Although cloud penetration testing and penetration testing (also known as network or application penetration testing) share similarities in their objectives and methodologies, they differ in their focus and scope.
To explain it in a more approachable way, penetration testing means performing security tests on a system, service or network with the aim of identifying security weaknesses. Cloud penetration testing means performing a simulated attack on all your services in cloud.
Common cloud security vulnerabilities
According to the recent statistics, 45% of breaches are cloud-based, and 80% of companies have experienced at least one cloud security incident in the last year. The most common cloud security vulnerabilities include:
Insecure APIs and interfaces
Cloud services often provide interfaces and APIs for managing and interacting with the cloud environment. Inadequately secured or poorly designed, they can be exploited by attackers to gain unauthorised access, manipulate data, or launch attacks against the cloud infrastructure.
Misconfigurations occur when cloud resources, network components, virtual machines, or containers are set up with incorrect or insecure configurations, allowing attackers to exploit weaknesses and gain unauthorised access.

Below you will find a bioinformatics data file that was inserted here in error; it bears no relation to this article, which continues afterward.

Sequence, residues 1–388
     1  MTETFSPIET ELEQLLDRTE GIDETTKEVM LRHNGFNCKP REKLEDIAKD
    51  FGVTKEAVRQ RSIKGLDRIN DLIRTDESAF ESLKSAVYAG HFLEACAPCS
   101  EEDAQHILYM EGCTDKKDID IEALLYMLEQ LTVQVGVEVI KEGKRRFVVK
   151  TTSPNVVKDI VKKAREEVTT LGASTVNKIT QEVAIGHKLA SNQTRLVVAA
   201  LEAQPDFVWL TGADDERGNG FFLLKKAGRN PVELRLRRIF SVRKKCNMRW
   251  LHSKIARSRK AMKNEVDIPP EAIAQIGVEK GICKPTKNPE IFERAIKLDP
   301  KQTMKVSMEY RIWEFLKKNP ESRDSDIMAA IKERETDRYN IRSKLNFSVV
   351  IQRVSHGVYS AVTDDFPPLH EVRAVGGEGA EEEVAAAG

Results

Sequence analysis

Weak credentials or access management
Weak or misconfigured credentials (such as common or weak passwords) can lead to unauthorised access and data breaches. Insufficient authentication, weak password policies, excessive user permissions, and improper user provisioning and deprovisioning processes are examples of IAM vulnerabilities.
Many software vendors do not have a good updates procedure, and when software used in the cloud (including operating systems, applications, and libraries) is not regularly updated with the latest security patches and bug fixes, it becomes susceptible to known vulnerabilities.
Insecure coding practices and data breaches